A lot or a little?
The parents' guide to what's in this game.
What parents need to know
Parents need to know that A Good Snowman Is Hard to Build is a simple, though challenging, downloadable puzzle game where you wander around a garden arranging and rearranging snowballs, rolling them, and plunking them on top of each other to make a perfect snowman. In this garden, there are many "rooms," with different obstacles that make it increasingly more challenging to accomplish this uncomplicated task, such sa narrower spaces filled with benches. If your child appreciates brainteasers, this game will scratch that itch.
What's it about?
In A GOOD SNOWMAN IS HARD TO BUILD, you play as a blobby, cranky, though determined monster who repeatedly builds many snowmen in the many "rooms" of a walled garden labyrinth. There isn't more to the story here than that. Use the snow and use your mind to make snowmen. Repeat, repeat, repeat.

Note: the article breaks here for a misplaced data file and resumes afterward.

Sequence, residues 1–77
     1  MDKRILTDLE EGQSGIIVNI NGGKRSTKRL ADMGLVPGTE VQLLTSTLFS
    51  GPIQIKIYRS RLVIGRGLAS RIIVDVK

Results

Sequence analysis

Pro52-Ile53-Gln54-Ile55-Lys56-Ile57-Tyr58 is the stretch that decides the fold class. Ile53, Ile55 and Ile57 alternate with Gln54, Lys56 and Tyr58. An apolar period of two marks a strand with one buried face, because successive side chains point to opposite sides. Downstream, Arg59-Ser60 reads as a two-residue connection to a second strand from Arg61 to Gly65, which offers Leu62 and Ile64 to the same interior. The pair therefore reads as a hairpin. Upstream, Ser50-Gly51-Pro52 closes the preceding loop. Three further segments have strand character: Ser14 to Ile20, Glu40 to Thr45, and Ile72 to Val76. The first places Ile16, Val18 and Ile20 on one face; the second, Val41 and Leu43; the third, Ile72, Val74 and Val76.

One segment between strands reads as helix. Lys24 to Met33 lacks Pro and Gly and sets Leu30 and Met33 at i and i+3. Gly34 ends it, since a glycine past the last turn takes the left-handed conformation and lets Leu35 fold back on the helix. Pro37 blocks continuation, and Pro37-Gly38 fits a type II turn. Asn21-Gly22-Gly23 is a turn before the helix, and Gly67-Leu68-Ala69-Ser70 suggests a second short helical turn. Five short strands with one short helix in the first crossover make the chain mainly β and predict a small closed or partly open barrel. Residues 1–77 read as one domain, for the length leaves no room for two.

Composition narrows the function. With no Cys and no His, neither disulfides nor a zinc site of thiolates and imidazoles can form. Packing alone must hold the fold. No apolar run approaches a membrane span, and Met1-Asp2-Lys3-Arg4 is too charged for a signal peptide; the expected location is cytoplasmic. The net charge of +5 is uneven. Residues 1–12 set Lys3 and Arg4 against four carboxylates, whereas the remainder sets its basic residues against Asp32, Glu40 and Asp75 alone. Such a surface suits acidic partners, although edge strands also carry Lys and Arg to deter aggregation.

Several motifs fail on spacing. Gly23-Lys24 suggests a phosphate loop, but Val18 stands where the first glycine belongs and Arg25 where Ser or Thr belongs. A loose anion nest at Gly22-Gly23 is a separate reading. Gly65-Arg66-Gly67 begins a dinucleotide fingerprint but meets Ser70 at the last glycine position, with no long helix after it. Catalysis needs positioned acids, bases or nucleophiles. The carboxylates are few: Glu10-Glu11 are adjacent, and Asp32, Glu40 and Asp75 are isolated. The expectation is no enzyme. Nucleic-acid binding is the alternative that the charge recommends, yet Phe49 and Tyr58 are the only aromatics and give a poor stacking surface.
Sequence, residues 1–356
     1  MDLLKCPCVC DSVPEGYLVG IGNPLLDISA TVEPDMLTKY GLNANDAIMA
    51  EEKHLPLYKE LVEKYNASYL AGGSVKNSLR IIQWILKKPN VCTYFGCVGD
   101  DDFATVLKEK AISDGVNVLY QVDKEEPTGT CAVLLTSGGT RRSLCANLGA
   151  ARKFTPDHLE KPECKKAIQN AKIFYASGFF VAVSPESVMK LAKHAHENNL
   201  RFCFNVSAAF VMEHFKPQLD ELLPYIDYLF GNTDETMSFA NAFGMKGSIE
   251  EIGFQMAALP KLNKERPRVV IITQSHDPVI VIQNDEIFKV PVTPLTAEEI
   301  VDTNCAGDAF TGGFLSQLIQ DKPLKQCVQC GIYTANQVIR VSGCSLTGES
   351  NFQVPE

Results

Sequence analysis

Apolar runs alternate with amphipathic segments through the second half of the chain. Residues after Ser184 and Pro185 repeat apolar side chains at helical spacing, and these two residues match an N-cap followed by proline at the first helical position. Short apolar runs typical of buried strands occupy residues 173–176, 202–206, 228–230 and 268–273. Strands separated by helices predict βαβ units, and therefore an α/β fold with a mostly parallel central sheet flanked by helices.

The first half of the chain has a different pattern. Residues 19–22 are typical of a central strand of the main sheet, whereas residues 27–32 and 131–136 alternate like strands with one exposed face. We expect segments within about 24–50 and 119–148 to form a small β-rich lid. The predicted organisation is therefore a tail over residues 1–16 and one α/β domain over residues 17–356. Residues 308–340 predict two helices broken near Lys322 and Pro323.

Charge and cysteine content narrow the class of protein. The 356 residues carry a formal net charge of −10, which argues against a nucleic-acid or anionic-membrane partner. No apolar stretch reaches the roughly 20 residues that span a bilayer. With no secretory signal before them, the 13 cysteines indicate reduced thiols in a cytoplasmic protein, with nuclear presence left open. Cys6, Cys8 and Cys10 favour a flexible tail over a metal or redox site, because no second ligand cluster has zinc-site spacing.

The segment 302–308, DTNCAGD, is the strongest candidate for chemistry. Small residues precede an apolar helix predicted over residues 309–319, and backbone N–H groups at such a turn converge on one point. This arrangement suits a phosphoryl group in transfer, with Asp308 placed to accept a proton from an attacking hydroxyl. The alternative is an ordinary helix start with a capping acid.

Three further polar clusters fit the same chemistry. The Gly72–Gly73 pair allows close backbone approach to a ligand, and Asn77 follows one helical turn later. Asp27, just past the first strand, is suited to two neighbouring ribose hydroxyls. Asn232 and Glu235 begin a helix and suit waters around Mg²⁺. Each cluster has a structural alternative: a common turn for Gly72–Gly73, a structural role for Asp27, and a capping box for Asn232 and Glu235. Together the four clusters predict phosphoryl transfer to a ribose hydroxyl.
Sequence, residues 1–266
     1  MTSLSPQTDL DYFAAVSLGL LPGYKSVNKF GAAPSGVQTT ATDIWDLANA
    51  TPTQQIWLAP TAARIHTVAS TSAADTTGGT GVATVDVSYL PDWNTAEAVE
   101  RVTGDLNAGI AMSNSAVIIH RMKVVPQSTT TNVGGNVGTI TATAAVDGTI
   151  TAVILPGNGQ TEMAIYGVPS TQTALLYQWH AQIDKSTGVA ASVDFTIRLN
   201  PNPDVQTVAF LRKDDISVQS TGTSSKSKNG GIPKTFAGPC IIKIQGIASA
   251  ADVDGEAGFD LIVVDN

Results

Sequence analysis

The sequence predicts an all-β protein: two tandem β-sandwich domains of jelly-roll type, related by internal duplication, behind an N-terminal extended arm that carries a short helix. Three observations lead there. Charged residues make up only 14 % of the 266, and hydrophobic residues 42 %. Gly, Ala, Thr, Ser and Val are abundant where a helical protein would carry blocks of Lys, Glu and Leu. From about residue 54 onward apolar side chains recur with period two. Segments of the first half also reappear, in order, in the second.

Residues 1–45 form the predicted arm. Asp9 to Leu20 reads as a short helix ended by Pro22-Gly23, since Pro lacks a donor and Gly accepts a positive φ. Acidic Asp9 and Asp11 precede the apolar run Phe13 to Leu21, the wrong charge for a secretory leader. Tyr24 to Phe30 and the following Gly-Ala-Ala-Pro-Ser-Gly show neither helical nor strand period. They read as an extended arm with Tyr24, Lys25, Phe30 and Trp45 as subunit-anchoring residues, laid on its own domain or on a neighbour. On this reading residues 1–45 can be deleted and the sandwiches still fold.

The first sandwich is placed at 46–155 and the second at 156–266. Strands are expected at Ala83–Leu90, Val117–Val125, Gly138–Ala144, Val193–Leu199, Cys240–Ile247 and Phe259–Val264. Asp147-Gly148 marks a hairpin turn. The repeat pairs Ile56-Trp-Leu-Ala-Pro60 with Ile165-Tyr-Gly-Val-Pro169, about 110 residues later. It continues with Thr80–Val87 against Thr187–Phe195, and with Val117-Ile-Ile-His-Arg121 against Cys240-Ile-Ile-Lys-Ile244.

Is it any good?
A Good Snowman is enjoyable to play but only in short bursts. It's not the sort of game you can play in marathon sessions, as eventually your mental capacity for this narrow set of problem solving will wear thinner and thinner. Not that that's a bad thing -- it's just a fact that you can only sustain this single-minded thinking for so long before you need a palate cleanser. Think of this as a great end-of-the-evening game or a just-waking-up game, something to stimulate your mind or help slow it down for 15 minutes here and there. Approach it like you would a Sudoku or crossword puzzle.
If you play past that point, the game will become frustrating in an unsatisfying way, where you will feel you have exhausted every possible avenue of action or tried every combination of moves and just feel stuck in every direction. If you can stay in the groove, though, A Good Snowman is rewarding and a simple joy, something children and adults alike will savor and appreciate.
Talk to your kids about ...
Families can talk about problem solving, especially in instances when you know the solution to something but can't quite seem to say it or do it. What do you do in those situations?
When you use trial and error as a problem-solving technique, how do you gauge what "failing" looks like? How do you learn from that?
Themes & Topics
For kids who love puzzles
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